Fig. 1. The Pharmacy-SBAR template view of an EMR

Fig. 2. Examples of a critical value report (above) and a nursing note message (below)

This study assesses the effectiveness of P-SBAR in improving pharmacists’ intervention activities both before and after the implementation of P-SBAR applications.

Methods

This study is a comparative, retrospective study of EMR profiles pre- and post-implementation of the P-SBAR tool. We reviewed the medical records of all pharmacist interventions conducted at Kyunghee University Hospital at Gangdong, from January 1, 2016, to December 31, 2017, and from January 1, 2019, to December 31, 2020.

The control group was a data-oriented PRE group that covered interventions before 2018, while the test group included data from a data-oriented POST group after 2019. During the PRE period, pharmacists communicated intervention information through EMR messaging and direct phone calls. In the POST period, they employed electronic messages via P-SBAR for intervention communication. We extracted the intervention-related items from the data warehouse system and prescription items from the pharmacy EMR.

The prescription items are composed of inpatients, prescriptions, drug items, and the number of items calculated monthly. Furthermore, the result presented both the 24-month sum and their monthly means. The intervention items included the number of pharmacists who participated in the daily prescription-monitoring work, the number of interventions, and the number of acceptances. The presentation method for both results was identical. The results for the physician’s acceptance of intervention were expressed as percentages and classified as rates of full, partial, or non-acceptance.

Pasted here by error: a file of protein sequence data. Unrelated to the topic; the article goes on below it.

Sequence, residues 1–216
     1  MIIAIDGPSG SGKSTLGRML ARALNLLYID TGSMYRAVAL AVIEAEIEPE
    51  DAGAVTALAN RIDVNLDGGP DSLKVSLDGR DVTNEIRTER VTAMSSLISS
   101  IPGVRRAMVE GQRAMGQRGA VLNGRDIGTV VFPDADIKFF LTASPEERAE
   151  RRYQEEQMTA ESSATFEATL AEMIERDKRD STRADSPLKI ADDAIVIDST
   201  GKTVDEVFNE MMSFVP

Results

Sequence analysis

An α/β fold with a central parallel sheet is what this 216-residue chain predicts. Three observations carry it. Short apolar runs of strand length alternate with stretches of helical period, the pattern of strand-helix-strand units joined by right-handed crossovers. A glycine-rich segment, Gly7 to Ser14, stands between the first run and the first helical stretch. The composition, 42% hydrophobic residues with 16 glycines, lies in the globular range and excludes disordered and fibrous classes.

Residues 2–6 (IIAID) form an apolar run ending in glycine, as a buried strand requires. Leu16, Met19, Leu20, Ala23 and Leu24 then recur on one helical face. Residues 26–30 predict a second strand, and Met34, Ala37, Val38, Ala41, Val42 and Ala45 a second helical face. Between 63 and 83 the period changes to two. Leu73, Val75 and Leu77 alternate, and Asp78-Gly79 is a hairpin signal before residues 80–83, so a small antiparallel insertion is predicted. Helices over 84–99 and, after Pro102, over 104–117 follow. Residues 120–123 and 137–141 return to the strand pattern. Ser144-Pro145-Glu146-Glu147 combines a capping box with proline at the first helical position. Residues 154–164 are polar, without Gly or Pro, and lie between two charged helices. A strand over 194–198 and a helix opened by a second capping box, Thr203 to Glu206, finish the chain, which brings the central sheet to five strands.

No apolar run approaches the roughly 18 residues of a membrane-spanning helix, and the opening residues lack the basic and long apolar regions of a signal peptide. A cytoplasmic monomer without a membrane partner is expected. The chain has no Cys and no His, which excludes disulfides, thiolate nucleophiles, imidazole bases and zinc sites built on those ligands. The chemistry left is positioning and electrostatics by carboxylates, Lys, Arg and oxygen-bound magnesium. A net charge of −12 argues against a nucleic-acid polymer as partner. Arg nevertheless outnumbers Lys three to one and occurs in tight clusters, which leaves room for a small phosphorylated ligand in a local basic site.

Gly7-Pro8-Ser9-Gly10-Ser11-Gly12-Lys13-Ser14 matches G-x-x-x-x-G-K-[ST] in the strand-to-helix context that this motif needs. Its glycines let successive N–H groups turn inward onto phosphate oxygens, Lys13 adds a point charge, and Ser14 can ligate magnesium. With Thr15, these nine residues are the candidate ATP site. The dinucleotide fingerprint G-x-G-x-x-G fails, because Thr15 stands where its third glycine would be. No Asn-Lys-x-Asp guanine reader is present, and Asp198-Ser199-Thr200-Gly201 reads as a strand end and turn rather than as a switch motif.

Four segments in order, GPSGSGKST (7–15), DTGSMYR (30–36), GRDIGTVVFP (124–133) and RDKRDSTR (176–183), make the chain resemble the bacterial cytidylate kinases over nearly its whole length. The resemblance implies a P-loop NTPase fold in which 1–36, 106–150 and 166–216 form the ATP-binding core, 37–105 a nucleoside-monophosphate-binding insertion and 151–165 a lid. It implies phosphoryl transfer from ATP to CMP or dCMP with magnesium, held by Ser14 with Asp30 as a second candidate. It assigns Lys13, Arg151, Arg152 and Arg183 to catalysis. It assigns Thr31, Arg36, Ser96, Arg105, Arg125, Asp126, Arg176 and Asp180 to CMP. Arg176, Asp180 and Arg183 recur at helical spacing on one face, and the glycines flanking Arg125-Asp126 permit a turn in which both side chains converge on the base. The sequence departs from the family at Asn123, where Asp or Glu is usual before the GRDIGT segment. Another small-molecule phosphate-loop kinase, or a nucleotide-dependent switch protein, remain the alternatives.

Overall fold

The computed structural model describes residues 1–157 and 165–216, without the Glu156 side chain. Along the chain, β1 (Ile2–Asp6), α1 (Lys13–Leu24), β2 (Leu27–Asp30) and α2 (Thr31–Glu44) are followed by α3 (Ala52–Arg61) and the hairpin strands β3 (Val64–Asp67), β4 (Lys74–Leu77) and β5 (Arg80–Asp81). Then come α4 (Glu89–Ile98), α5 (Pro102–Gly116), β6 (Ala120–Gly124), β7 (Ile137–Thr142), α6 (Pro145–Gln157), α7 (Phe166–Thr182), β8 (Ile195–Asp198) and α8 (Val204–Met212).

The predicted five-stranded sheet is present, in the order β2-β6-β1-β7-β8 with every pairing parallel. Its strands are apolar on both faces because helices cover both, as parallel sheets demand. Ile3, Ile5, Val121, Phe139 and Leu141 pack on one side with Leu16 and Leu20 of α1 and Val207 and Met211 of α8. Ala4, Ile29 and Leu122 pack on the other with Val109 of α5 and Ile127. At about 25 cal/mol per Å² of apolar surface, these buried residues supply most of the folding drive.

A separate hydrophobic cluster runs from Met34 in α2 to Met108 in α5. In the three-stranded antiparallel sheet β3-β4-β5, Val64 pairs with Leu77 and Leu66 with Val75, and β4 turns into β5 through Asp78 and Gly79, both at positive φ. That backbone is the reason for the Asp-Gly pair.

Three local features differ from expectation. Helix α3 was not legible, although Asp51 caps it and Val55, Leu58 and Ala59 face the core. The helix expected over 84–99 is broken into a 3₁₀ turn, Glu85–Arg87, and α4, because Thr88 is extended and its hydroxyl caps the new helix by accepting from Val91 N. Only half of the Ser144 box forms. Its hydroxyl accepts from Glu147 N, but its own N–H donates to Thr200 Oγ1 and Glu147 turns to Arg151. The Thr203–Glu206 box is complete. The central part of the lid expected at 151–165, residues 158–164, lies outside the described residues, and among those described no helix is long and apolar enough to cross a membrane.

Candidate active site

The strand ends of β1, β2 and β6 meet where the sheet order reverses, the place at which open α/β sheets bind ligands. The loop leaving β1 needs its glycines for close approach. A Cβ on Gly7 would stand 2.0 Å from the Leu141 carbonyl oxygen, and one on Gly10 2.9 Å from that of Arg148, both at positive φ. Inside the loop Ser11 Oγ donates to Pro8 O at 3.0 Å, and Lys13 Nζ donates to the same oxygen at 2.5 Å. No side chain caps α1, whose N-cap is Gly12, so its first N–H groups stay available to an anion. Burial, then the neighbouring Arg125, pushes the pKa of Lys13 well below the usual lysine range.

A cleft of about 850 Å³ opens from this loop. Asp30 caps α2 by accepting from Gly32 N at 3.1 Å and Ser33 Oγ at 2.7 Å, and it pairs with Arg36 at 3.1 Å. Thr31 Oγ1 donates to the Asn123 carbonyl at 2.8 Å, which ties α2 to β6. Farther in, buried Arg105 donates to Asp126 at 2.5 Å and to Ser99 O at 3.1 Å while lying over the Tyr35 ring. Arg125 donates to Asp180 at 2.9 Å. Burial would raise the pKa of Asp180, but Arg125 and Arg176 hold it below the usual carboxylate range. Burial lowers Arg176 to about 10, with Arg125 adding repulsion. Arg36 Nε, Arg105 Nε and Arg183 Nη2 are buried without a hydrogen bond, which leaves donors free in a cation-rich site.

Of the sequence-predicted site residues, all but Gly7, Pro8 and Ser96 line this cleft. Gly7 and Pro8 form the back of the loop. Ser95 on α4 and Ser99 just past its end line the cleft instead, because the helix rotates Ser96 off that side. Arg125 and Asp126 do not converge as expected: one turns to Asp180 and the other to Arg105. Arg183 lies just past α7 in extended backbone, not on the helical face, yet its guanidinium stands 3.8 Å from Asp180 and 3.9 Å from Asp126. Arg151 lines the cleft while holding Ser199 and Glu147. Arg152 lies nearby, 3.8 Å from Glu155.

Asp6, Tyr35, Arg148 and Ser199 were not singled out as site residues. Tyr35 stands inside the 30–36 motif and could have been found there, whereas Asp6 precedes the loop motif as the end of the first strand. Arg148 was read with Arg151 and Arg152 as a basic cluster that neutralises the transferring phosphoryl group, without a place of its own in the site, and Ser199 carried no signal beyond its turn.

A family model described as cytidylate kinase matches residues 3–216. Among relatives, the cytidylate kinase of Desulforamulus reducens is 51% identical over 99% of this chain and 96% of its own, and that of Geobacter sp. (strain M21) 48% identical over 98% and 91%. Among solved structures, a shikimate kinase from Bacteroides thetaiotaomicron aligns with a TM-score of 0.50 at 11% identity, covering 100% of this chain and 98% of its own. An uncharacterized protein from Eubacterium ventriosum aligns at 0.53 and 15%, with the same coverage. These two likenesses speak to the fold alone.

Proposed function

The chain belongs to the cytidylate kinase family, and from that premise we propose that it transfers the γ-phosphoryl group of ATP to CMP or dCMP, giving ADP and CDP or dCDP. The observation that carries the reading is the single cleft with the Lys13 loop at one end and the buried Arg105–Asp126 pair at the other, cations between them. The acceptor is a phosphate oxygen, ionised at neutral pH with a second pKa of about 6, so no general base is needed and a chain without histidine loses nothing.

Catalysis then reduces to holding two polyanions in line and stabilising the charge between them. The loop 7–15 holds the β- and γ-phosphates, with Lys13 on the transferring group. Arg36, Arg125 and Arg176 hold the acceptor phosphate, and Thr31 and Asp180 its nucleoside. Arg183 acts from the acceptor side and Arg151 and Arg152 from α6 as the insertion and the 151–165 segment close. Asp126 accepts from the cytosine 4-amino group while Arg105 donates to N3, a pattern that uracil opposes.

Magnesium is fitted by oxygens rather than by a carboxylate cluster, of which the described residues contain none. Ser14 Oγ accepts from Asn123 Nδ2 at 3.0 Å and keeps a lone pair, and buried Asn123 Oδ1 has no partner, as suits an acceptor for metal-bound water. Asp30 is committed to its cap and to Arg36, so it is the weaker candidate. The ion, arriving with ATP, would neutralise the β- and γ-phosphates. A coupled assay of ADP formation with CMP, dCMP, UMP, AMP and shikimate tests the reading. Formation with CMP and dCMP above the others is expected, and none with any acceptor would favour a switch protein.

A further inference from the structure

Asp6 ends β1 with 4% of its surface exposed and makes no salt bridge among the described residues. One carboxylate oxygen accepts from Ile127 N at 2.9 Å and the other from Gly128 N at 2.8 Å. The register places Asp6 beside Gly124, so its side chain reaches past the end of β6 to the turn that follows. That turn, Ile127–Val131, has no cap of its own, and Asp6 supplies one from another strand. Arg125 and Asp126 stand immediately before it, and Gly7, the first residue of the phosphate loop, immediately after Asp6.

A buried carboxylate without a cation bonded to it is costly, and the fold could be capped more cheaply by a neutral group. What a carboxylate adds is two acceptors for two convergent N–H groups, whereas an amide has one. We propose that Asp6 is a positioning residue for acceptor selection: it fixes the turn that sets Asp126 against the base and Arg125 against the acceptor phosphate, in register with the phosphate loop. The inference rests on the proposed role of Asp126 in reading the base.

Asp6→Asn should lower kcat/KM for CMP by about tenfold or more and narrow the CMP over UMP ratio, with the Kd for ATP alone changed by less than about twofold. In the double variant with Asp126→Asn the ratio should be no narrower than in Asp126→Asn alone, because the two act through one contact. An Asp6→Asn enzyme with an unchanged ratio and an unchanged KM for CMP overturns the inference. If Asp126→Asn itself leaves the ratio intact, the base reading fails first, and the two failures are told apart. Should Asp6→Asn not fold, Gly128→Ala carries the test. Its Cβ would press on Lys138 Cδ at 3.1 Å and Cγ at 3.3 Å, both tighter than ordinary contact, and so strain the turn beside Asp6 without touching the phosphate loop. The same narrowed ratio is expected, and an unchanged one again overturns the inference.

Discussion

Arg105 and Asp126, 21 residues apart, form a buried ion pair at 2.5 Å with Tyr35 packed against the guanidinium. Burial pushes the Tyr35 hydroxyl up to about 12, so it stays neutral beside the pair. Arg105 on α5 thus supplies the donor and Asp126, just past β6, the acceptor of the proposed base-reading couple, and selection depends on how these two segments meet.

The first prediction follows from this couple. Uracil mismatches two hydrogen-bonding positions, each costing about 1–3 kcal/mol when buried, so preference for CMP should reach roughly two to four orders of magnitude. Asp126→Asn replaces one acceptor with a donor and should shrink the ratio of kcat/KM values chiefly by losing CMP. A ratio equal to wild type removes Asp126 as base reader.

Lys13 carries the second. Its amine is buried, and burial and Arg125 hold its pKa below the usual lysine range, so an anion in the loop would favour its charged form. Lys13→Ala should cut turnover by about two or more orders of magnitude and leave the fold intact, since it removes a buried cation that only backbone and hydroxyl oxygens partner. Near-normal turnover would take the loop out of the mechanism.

To compare the two groups, the independent t-test or Mann-Whitney U test analyzed the continuous variables according to the data distribution. The threshold for statistical significance was set at p<0.05. SPSS software (version 18.0; IBM, Armonk, NY, USA) conducted the statistical analysis.

Results

This study compared the differences between the two groups by presenting prescription and intervention items during the 24 months elapsed before and after P-SBAR application.

The total number of inpatients in the PRE group (from 2016 to 2017) was 364,753 people, who received 584,278 prescriptions, and the total number of drug codes prescribed was 2,883,157. The mean number of pharmacists participating in the intervention activity was 15.8 (ranging from 14 to 19). The total number of intervention cases was 2,767 (with a monthly average of 115.3 cases), and the intervention rate, relative to the total number of prescriptions, was 0.47%.

The total number of inpatients in the POST group (from 2019 to 2020) was 348,229, who received 554,515 prescriptions, and the total number of drug codes prescribed was 2,656,497. These numbers were lower than those in the PRE group. However, the monthly mean number of pharmacists functioning as prescription monitors was 18.0 (14-21), which was a significant increase. The total number of interventions was 4,389; the monthly mean value was 182.9; and the intervention rate was 0.79%, which was a significant increase compared to the PRE group (p<0.001, Table 1).